Samoa’s NCC says abandoning babies not part of culture

The Chairman of Samoa’s National Council of Churches, (NCC) Deacon Le’aupepe Kasiano, has challenged suggestions that abandoning babies is part of the Samoan culture.

The suggestion has been made following the incident in Australia where a Samoan woman has been charged for abandoning her baby in a drain.

She is the 30 year old daughter a Seventh Day Adventist church minister.

The woman has been living with her aunt, uncle and cousins in Sydney’s west. Her parents and siblings live in Samoa.

Urging women to be more up front and ask for help when needed, Le’aupepe blamed such incidents on young people having too much freedom.

He said the onset of what he described as a “foreign concept called human rights” has not helped matters.

“In the life of a Samoan, even if you have ten children and married, you still have to obey your parents,” said Le’aupepe.

“That is how it was in the past. Parents instructed their children according to God’s teaching but the introduction of such belief (rights of a child) has suppressed parents.”

“Now we have children turning and threatening their parents with these rights.”

The Chairman said smacking children and instructing them on what to do has been reduced because of legislation “but this is where the problem arises.”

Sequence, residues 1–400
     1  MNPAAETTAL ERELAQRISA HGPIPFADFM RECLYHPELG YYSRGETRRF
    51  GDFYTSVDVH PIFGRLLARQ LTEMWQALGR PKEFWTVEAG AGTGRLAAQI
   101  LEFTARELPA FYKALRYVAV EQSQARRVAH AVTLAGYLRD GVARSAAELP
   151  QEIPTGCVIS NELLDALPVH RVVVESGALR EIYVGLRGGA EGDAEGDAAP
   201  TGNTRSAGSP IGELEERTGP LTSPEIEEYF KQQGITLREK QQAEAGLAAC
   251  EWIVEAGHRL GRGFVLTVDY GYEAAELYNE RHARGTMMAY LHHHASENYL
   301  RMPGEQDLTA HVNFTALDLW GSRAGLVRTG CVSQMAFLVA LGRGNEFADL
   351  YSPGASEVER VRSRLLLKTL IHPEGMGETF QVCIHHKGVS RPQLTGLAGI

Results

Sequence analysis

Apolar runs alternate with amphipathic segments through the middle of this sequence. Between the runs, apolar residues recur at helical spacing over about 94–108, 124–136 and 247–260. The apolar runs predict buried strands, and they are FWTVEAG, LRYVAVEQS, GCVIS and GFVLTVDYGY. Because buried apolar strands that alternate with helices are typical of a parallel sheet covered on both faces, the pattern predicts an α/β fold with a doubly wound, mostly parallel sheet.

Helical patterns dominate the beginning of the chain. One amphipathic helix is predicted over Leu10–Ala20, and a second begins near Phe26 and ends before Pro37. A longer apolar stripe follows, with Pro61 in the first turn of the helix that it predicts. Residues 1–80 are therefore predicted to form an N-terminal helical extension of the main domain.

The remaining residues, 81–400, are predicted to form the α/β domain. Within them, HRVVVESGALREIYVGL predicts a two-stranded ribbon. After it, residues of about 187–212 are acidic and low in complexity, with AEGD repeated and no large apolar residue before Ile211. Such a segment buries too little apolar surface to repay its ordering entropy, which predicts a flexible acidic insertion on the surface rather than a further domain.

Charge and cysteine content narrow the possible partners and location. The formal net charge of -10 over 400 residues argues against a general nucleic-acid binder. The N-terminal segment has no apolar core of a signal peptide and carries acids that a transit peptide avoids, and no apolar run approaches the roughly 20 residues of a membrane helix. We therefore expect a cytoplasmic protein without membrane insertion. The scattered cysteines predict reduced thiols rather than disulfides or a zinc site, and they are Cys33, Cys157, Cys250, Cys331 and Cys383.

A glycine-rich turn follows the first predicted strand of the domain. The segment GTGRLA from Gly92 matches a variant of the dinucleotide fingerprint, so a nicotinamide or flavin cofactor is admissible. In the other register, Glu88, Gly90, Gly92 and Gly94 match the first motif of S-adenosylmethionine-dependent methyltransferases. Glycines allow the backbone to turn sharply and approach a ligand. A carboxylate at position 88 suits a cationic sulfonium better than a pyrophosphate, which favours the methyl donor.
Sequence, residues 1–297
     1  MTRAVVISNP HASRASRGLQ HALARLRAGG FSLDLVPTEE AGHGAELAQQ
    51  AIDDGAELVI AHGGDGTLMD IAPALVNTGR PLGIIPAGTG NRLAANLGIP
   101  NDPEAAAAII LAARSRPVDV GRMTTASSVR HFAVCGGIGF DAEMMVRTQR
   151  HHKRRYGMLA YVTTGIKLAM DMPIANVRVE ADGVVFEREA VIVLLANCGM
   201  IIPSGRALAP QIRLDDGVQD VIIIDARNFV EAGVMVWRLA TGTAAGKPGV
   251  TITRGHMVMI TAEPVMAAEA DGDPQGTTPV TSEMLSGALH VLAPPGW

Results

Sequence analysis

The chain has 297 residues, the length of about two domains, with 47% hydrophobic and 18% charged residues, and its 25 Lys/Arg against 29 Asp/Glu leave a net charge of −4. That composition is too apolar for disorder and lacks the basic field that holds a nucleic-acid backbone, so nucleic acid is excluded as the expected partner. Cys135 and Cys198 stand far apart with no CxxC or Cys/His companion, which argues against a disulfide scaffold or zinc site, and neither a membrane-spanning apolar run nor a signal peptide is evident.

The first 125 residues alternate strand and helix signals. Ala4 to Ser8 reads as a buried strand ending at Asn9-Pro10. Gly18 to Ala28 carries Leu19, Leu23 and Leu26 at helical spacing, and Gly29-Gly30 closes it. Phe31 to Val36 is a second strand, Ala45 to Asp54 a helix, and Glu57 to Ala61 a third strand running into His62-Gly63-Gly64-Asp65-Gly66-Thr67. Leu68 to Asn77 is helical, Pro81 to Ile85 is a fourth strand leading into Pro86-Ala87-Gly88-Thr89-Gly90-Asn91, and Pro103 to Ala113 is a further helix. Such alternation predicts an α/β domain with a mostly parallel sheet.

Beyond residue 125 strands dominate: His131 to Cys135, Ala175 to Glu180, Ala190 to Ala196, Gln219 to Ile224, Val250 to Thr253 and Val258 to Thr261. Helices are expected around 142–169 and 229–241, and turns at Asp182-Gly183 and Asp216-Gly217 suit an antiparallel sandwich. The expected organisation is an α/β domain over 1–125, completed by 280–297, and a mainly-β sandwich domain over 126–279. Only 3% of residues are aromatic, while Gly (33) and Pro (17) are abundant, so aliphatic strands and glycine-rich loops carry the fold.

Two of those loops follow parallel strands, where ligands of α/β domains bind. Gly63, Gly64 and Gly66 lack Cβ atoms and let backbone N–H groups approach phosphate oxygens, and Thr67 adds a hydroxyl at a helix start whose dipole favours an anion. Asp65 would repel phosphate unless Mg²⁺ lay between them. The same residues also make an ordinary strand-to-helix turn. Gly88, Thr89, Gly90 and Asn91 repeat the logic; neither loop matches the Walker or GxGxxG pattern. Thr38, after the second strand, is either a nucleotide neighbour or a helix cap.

The elderly Catholic deacon pointed out that in the past, children were taught that a person is an image of God.

He added that having a baby outside of marriage (tofale) is not new.

“When girls had babies outside of marriage in the past, they did not wrap them up and throw them away.”

“No, they cared for them and their families accepted them as their own and loved them.”

Some Samoan Community leaders in New Zealand have said that often Samoan women who are unmarried and pregnant fear shaming their families.

“I am urging the community to be supportive of what is happening and learn from it – someone in your area next to you is having that problem now,” Sooalo Setu Mua said.

The tragic case has been a hot topic at Radio Samoa, with community leaders pleading with listeners to be compassionate.

They say that many people have become incensed by the incident, prompting calls to look at the reasons why a number of Samoan women abandon their babies after birth.

“A lot of the upset people are Samoans because they value the name of Samoa, but at the same time people have come to their senses that yes there is an issue,” says Teleiai Edwin Puni,  a Seventh Day Adventist minister who lives in Auckland.

Samoa’s N.C.C. Secretary, Rev. Maauga Motu agrees Le’aupepe.

He says Samoan women abandoning their babies highlighted the need for Samoa to draw closer to God.

He believes that dumping babies are done by those who have gone away from God.

“I feel that the incident took place because she stopped going to church,” said Rev. Motu.

“The pastor’s house and the church is where children are nurtured.”

“Once they break away from that, they start having problems and begin to take the wrong approach.”

“The counseling from the pastor is no longer there, to advice and give support.”

He added that because children were made aware of the gospel teachings, they also feared and knew the consequences of wrong actions.


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